A quick tour of the Courtauld Gallery

A home to a fantastic collection of art, the Courtauld Gallery is located at the Somerset House in central London. I finally managed to visit it for the first time. It was fun to walk around spotting famous artworks and thinking to myself – wow, this one is here, and this one is here too! 

The permanent collection galleries take you on a tour of the history of art (mostly in Western tradition) from the Middle Ages to the art of the 20th century. It begins at the first floor with the Medieval and Early Renaissance Gallery. Among the highlights there are the ‘Courtauld Bag’, an intricately decorated brass bag made in Iraq dating to the early 1300s, and three predella panels, once a part of an altarpiece, painted around 1420s by Fra Angelico. 

A decorative silver metal bag in a display cabinet in a museum. In the background are a golden altarpiece with Crucifixion theme and a small painting of a saint.
The Courtauld Bag
A gold rectangular panel with three round paintings. From the left is a picture a woman with long golden hair in a red dress, most likely Mary Magdalene, she is gesturing questioningly towards the central image of visibly suffering Christ with a wound in his side. On the right image of sad and crying John the Evangelist with his arms in a praying gesture looking towards the central image.
Panel from an altarpiece by Fra Angelico. Panel depicts Mary Magdalene, Christ and John the Evangelist.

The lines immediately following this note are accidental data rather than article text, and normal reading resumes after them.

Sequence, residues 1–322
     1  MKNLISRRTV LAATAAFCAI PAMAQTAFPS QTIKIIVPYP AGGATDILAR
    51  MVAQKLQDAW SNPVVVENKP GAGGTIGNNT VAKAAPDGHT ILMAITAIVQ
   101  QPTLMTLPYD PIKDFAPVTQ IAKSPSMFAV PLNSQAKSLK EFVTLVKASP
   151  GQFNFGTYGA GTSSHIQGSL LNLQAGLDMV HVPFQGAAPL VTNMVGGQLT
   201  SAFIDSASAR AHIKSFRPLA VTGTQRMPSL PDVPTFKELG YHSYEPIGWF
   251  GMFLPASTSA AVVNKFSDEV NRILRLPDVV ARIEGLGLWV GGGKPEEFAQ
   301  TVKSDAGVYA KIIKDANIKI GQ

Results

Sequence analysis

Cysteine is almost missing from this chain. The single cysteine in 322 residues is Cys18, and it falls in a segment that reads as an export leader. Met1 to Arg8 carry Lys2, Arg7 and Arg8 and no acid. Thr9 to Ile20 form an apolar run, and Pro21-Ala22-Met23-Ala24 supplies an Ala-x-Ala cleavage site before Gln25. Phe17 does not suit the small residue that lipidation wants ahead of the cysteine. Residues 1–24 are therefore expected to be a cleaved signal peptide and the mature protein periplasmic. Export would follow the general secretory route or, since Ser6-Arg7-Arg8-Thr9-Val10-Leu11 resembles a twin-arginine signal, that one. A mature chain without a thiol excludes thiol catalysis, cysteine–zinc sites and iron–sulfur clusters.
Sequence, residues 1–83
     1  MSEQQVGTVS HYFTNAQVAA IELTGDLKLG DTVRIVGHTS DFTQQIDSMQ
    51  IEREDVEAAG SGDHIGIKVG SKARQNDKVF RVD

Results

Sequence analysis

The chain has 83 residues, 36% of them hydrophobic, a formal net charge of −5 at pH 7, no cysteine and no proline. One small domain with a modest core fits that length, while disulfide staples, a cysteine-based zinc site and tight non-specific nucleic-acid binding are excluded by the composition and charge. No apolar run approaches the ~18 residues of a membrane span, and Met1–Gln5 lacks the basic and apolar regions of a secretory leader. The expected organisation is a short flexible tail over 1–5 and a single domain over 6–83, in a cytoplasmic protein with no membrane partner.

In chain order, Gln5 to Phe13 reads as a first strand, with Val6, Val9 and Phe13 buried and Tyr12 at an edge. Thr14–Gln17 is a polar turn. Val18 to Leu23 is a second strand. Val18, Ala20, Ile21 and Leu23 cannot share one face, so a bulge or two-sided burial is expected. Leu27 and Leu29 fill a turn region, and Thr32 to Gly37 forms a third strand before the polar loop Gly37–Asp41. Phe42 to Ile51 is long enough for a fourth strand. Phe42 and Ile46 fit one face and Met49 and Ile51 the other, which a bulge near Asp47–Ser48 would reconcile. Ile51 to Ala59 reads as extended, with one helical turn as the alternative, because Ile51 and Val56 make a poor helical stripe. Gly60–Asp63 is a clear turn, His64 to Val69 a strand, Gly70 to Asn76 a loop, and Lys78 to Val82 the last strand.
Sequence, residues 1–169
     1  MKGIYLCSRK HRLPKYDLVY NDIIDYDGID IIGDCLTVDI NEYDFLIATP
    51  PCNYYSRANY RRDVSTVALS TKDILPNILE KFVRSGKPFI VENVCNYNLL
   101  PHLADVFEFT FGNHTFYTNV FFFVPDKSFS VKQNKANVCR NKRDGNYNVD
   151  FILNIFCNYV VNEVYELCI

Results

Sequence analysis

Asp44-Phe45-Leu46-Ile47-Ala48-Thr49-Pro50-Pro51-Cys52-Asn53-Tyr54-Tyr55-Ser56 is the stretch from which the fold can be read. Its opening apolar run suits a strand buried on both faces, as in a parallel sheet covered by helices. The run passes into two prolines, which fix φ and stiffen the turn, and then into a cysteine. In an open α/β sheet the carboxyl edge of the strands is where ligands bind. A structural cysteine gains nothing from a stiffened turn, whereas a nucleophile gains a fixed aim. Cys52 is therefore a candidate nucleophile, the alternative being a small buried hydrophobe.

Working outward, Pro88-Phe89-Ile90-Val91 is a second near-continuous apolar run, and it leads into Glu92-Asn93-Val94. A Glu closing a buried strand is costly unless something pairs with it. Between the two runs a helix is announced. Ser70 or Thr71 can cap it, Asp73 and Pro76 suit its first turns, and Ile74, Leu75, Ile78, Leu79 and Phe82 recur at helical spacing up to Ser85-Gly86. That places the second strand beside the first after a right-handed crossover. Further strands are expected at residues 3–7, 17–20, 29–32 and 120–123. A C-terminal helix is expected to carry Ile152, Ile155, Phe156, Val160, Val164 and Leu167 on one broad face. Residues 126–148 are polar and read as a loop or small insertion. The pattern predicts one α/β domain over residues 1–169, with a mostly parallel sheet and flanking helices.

On the second floor, the galleries are set in chronological order, starting with the works of the Renaissance and Baroque. Two rooms are dedicated to Rubens and his contemporaries. Moving along, the tour continues through the art of the 18th and 19th centuries. Although the exhibits are dominated by paintings, there are also decorative arts, furniture and an occasional sculpture. 

Three highly decorative ceramic jugs on display in a museum. On the left a jug with an image of a woman in classical ancient Roman or Greek dress, in the centre a smaller blue jug with a picture of a yellow cat with blue dots, possibly a stylised leopard, on the right a jug with geometric decoration.
Tin-glazed earthenware, Italian Renaissance display
Portrait of a family consisting of a man and a woman, a girl and a boy. The man is wearing a large ruff around his neck and a tall black hat. The woman is wearing a dark dress with golden decoration in the front and a large white ruff around her neck. Both children are wearing large decorative collars. The woman is holding the girl's hand with one hand and the other hand is resting on the boy's shoulder.
The family of Jan Brueghel the Elder (1613-1615) by Peter Paul Rubens

Most renowned for its Impressionist and Post-Impressionist collection, the Courtauld is packed with art treasures. Works by Monet, Manet, Morisot, Toulouse-Lautrec, Renoir, Van Gogh and Gaugin are in the top floor galleries, which is, understandably, one of the busiest spaces in the building. 

A portrait of a woman in a greyish beige jacket with decorative collar and a light brown dress. The woman is sitting, her hands are resting on her lap. She is looking to the side and looks engaged in her own thoughts.
Portrait of a Woman (1872-1875) by Berthe Morisot
Portrait of a tall woman in a blue coat with fur collar. The woman has short wavy hair and wears a green hat with pink flowers attached. She is holding a yellow handbag. Her gaze is lowered as she stands waiting for something. In the background there are two people standing behind the woman on the street.